FOXLAB, Research and Innovation Centre, via E. Mach, 1, S. Michele all'Adige (TN), Italy
Department of Agricultural Sciences, University of Bologna, Viale Fanin 46, Bologna, Italy
Fondazione Edmund Mach, Research and Innovation Centre, Sustainable Agro-ecosystems and Bioresources Department, via E. Mach, 1, S. Michele all'Adige (TN), Italy
Department of Chemical and Life Sciences, Waterford Institute of Technology, Cork road, Waterford, Ireland
Abstract. Forest models are being increasingly used to study ecosystem functioning, through the reproduction of carbon fluxes and productivity in very different forests all over the world. Over the last two decades, the need for simple and "easy to use" models for practical applications, characterized by few parameters and equations, has become clear, and some have been developed for this purpose. These models aim to represent the main drivers underlying forest ecosystem processes while being applicable to the widest possible range of forest ecosystems. Recently, it has also become clear that model performance should not be assessed only in terms of accuracy of estimations and predictions, but also in terms of estimates of model uncertainties. Therefore, the Bayesian approach has increasingly been applied to calibrate forest models, with the aim of estimating the uncertainty of their results, and of comparing their performances.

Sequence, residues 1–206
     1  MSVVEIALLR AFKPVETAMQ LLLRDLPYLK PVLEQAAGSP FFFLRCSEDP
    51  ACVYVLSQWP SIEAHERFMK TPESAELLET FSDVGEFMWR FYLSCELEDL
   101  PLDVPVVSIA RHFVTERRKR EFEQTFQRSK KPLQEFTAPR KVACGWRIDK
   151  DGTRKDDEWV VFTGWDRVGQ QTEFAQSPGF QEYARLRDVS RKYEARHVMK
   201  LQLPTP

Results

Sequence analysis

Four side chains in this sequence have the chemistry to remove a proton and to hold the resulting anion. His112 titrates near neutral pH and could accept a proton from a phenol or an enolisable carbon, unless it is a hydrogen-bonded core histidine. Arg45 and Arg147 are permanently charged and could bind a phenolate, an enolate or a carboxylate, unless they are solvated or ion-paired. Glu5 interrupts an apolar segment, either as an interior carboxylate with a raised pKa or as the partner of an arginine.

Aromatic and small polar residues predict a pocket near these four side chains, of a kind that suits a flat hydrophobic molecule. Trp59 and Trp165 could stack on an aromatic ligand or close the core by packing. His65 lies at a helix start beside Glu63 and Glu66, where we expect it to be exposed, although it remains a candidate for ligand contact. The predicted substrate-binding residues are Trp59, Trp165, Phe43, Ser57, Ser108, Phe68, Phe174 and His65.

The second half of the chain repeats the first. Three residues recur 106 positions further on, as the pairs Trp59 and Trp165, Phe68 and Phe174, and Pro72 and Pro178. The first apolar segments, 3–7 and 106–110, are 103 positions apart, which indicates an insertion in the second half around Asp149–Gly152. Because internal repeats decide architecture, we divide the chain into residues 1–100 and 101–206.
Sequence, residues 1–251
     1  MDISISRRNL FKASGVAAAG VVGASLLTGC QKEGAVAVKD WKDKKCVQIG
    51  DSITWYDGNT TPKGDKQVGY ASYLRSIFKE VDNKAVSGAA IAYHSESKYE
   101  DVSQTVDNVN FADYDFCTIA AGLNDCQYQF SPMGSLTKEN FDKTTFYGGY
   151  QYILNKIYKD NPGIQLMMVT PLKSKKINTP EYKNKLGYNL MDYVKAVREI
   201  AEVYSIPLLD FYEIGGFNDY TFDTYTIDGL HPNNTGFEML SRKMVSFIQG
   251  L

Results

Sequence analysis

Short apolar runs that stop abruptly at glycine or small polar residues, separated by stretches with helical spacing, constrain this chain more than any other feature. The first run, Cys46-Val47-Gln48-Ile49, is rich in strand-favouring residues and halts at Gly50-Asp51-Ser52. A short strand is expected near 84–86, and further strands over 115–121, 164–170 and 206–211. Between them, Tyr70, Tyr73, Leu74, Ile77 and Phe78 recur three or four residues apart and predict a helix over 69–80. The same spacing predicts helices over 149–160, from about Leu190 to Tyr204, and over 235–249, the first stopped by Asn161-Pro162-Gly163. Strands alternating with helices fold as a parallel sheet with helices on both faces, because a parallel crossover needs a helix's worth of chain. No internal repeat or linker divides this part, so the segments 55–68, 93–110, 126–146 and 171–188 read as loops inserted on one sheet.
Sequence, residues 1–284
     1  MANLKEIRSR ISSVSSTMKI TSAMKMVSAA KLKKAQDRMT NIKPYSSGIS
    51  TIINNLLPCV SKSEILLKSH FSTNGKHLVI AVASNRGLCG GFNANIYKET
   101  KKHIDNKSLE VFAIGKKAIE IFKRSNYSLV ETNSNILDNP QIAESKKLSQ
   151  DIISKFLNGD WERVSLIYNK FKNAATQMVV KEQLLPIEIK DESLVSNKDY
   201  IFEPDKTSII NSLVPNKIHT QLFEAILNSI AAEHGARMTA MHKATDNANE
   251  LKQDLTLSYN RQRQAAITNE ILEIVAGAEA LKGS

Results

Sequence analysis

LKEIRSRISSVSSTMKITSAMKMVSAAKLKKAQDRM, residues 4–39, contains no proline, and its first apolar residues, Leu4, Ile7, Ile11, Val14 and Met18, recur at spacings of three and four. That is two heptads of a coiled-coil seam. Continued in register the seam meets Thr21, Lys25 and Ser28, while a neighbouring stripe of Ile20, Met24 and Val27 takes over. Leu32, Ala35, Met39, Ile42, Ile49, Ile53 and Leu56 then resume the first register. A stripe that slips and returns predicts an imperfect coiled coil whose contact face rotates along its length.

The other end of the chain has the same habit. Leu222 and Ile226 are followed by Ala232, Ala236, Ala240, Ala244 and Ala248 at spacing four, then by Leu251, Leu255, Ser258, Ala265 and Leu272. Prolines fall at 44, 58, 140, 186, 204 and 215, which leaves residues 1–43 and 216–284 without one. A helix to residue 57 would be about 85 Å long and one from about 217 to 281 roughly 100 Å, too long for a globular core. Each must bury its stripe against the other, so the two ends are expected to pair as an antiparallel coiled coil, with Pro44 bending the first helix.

Some forest models, considered to be user-friendly, rely on a multiplicative or quasi-multiplicative mathematical structure, which is known to cause problems during the calibration process, mainly due to high correlations between parameters. In a Bayesian framework using a Markov Chain Monte Carlo sampling this is likely to impair the reaching of a proper convergence of the chains and the sampling from the correct posterior distribution.
Here we show two methods to reach proper convergence when using a forest model with a multiplicative structure, applying different algorithms with different number of iterations during the Markov Chain Monte Carlo or a two-steps calibration. The results showed that recently proposed algorithms for adaptive calibration do not confer a clear advantage over the Metropolis–Hastings Random Walk algorithm for the forest model used here. Moreover, the calibration remains time consuming and mathematically difficult, so advantages of using a fast and user-friendly model can be lost due to the calibration process that is needed to obtain reliable results.
How to cite. Bagnara, M., Van Oijen, M., Cameron, D., Gianelle, D., Magnani, F., and Sottocornola, M.: A user-friendly forest model with a multiplicative mathematical structure: a Bayesian approach to calibration, Geosci. Model Dev. Discuss., 7, 6997–7031, https://doi.org/10.5194/gmdd-7-6997-2014, 2014.
Received: 12 Sep 2014 – Discussion started: 22 Oct 2014